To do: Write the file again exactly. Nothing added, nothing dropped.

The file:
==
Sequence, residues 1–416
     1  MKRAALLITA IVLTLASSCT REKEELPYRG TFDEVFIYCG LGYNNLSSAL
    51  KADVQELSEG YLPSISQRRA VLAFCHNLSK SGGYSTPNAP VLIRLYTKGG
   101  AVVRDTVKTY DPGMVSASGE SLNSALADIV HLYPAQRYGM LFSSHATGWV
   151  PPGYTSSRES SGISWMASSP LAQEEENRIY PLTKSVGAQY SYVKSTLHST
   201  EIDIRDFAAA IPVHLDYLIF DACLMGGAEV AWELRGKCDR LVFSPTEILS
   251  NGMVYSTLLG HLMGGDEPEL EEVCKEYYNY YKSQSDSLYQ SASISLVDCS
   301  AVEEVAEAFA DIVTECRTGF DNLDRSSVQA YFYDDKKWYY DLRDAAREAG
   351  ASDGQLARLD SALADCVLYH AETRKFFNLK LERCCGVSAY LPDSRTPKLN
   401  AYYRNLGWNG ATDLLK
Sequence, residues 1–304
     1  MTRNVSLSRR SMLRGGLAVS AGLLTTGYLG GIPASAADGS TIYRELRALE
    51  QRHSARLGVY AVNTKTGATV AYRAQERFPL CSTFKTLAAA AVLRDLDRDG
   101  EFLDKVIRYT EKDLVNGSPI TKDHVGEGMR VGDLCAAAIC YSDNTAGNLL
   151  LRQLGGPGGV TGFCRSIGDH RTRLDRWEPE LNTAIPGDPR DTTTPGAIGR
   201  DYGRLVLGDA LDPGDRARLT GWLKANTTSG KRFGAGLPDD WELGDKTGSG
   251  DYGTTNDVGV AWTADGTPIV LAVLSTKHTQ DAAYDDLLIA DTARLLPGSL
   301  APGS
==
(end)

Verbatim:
Sequence, residues 1–416
     1  MKRAALLITA IVLTLASSCT REKEELPYRG TFDEVFIYCG LGYNNLSSAL
    51  KADVQELSEG YLPSISQRRA VLAFCHNLSK SGGYSTPNAP VLIRLYTKGG
   101  AVVRDTVKTY DPGMVSASGE SLNSALADIV HLYPAQRYGM LFSSHATGWV
   151  PPGYTSSRES SGISWMASSP LAQEEENRIY PLTKSVGAQY SYVKSTLHST
   201  EIDIRDFAAA IPVHLDYLIF DACLMGGAEV AWELRGKCDR LVFSPTEILS
   251  NGMVYSTLLG HLMGGDEPEL EEVCKEYYNY YKSQSDSLYQ SASISLVDCS
   301  AVEEVAEAFA DIVTECRTGF DNLDRSSVQA YFYDDKKWYY DLRDAAREAG
   351  ASDGQLARLD SALADCVLYH AETRKFFNLK LERCCGVSAY LPDSRTPKLN
   401  AYYRNLGWNG ATDLLK
Sequence, residues 1–304
     1  MTRNVSLSRR SMLRGGLAVS AGLLTTGYLG GIPASAADGS TIYRELRALE
    51  QRHSARLGVY AVNTKTGATV AYRAQERFPL CSTFKTLAAA AVLRDLDRDG
   101  EFLDKVIRYT EKDLVNGSPI TKDHVGEGMR VGDLCAAAIC YSDNTAGNLL
   151  LRQLGGPGGV TGFCRSIGDH RTRLDRWEPE LNTAIPGDPR DTTTPGAIGR
   201  DYGRLVLGDA LDPGDRARLT GWLKANTTSG KRFGAGLPDD WELGDKTGSG
   251  DYGTTNDVGV AWTADGTPIV LAVLSTKHTQ DAAYDDLLIA DTARLLPGSL
   301  APGS